There are clearly special interests at work behind the scenes, and the political process has become a mockery. Meanwhile, the dogs chained in this county continue to suffer. If the goal is to drag this out until proponents of the ordinance give up, that will never happen. In the season of giving, isn't it time to give these animals the best gift of all: a life free of chains?
Julie Hanan, Lutz
'Invented' states are here to stay | Dec. 13, commentary
Looking through history
As a U.N. peacekeeper who served in the Gaza Strip in 1962, I must disagree with Newt Gingrich and to a lesser extent with Michael Kinsley on the contention that Palestine "had to be 'invented' after 1967."
After the Suez crises of 1956, the Israel Defense Force gradually withdrew from the Sinai and the Gaza Strip. Of course, the Sinai was Egyptian territory and reverted to its control. Although the Gaza Strip had not been part of Egypt, President Gamal Abdel Nasser immediately announced that Egypt would "administer" the strip. Nasser's action pre-empted any U.N. thought of controlling the area. Thus, an Egyptian governor and his staff controlled the Gaza Strip and were the official agency in contact with the U.N. Emergency Force.
Possibly because of this, many peacekeepers in the Gaza Strip developed the habit of referring to their indigenous employees and the public as Egyptians. When understood, this would be countered by, "We are not Egyptians; we are Palestinians!" "Palestinian Arabs" was never heard.
One could also examine some of the pre-World War II writings of T.E. Lawrence and see many references to Palestine.
J. Darrach Murray, St. Pete Beach
Hurricane team drops December forecast Dec. 15
Common sense in science
Finally, common sense has prevailed over what should never have been considered serious news: Colorado State University's annual hurricane predictions. These yearly news releases, under the purview of forecasters William Gray and Phil Klotzbach, belong on the horoscope page, or in the odds box in sports.
Not only did Gray and Klotzbach show a disservice to the tenets of meteorology, their predictions — plain and simple — have never been consistently accurate. Let's stick with astute and professional science, and let the amateurs flip a coin to see if it's going to rain tomorrow.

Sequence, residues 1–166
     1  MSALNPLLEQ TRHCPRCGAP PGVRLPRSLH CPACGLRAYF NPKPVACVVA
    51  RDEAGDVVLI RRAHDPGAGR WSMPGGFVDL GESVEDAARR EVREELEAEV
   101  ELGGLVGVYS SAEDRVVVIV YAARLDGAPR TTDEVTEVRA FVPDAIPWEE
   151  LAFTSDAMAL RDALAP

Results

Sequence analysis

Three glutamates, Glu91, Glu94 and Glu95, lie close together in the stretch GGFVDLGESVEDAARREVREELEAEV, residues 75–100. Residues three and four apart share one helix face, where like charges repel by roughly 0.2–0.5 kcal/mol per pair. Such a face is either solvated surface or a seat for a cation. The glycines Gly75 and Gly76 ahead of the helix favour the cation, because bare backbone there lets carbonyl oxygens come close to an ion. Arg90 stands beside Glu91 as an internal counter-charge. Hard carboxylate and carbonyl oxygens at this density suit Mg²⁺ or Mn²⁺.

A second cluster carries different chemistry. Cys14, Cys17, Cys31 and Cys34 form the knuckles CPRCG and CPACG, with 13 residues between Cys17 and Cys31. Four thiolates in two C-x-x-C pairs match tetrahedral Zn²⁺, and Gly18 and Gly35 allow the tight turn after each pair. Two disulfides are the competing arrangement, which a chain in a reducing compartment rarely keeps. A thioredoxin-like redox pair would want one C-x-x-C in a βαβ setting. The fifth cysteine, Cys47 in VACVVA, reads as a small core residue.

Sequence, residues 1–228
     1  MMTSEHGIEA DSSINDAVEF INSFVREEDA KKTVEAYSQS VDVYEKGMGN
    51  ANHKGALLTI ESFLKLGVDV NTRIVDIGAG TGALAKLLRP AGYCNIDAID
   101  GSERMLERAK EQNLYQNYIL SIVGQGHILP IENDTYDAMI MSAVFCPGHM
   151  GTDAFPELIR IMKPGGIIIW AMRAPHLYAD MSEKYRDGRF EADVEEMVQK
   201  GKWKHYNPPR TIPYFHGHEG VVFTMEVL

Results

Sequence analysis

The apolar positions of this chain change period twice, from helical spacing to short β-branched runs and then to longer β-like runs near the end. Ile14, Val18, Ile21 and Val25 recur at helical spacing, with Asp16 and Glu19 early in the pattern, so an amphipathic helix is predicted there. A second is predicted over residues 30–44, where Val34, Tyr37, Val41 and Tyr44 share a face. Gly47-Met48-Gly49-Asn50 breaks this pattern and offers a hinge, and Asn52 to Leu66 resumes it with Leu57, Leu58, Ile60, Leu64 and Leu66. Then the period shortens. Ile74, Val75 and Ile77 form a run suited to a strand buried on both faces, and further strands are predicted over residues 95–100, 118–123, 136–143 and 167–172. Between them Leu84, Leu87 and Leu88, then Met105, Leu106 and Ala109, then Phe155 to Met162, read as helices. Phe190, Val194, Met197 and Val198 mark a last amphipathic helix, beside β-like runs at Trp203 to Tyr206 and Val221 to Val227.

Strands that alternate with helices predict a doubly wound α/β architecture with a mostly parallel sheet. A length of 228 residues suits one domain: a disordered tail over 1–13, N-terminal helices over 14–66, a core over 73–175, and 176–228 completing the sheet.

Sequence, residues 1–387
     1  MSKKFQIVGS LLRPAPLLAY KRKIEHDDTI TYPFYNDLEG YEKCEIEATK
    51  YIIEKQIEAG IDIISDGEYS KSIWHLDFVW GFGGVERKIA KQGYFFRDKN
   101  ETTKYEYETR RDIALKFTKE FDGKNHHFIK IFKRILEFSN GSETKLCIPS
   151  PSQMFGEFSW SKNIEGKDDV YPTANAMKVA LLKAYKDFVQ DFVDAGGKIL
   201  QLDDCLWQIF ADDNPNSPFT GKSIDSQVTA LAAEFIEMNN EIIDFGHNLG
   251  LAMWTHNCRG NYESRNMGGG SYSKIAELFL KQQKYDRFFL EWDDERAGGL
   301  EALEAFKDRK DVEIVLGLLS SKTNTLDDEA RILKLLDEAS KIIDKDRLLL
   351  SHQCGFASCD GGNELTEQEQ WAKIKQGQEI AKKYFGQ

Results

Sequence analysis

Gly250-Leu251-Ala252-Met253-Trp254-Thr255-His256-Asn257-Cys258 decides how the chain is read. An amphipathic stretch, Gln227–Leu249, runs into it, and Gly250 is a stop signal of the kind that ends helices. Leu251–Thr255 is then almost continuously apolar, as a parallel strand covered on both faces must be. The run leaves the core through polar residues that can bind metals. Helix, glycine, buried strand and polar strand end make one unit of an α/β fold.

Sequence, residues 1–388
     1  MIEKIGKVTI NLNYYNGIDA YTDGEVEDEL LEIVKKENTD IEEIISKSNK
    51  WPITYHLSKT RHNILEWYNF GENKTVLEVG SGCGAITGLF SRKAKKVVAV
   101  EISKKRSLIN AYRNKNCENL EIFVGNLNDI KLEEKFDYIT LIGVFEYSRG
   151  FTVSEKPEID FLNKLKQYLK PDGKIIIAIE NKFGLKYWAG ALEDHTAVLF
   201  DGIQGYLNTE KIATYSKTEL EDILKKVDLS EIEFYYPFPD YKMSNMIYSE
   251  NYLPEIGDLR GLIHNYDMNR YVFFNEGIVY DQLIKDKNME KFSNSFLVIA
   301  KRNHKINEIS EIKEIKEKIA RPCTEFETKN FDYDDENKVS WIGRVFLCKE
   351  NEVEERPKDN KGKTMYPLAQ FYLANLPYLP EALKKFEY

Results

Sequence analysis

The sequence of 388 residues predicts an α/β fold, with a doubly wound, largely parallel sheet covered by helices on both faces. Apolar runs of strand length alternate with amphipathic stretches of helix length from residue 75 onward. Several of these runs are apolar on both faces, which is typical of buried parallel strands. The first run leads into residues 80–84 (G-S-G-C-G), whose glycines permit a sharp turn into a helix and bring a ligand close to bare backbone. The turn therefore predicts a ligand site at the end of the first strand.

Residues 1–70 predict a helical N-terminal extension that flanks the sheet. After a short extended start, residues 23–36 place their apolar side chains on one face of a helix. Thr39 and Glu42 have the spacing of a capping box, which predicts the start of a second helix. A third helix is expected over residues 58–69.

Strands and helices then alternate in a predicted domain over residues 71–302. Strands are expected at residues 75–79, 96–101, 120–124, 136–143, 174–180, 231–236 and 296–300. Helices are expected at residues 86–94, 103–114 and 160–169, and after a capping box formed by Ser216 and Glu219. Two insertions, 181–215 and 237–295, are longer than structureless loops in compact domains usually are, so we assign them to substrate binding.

Kurt Loft, Tampa
Recently I received a traffic ticket (my first in 40 years) for not coming (so the officer said) to a complete stop at a traffic sign in my residential community. I paid the $153 fine and completed an online course so as to avoid points on my license.
This ticket caused me to reflect on a couple of things. Why was this law enforcement officer sitting in a very quiet residential neighborhood at 8 p.m. where there is almost no vehicular traffic? Wouldn't the needs of the public be far better served if he was out on patrol?
Early each weekday morning and evening I travel from my home to my office in Tampa along routes 301 and 41. It is frightening to experience the amount of vehicles that are flagrantly violating traffic law by speeding, often 30 miles or more per hour in excess of the speed limit, or passing illegally, or weaving in and out of traffic, or texting and driving. I don't recall seeing a single Hillsborough County sheriff's vehicle at those times in these areas for many months.
It's a small example of what goes on generally in and around greater Tampa every day. Seems to me that more and more people are just driving recklessly and flagrantly violating the law because they know they can get away with it.
David Cheney, Riverview
Tebow's gospel of optimism | Dec. 13
Relationship with God
The exploits of Denver Broncos quarterback Tim Tebow have become the topic of the day.
Few, if any, of those offering heated opinions on whether Tebow's religious faith is real and affects his success actually know the young man. I've never met him either, but Tebow has stated that he does not believe God picks winners or losers in sports events. I believe him.
From what I know of him and his faith, Tebow is convinced God wants him to live as he understands that a believer in Jesus Christ should live. The aim is that onlookers would see in him a personal relationship with God that provides forgiveness and an eternal assurance about what really matters in this life and the life beyond.
Adon Taft, Brooksville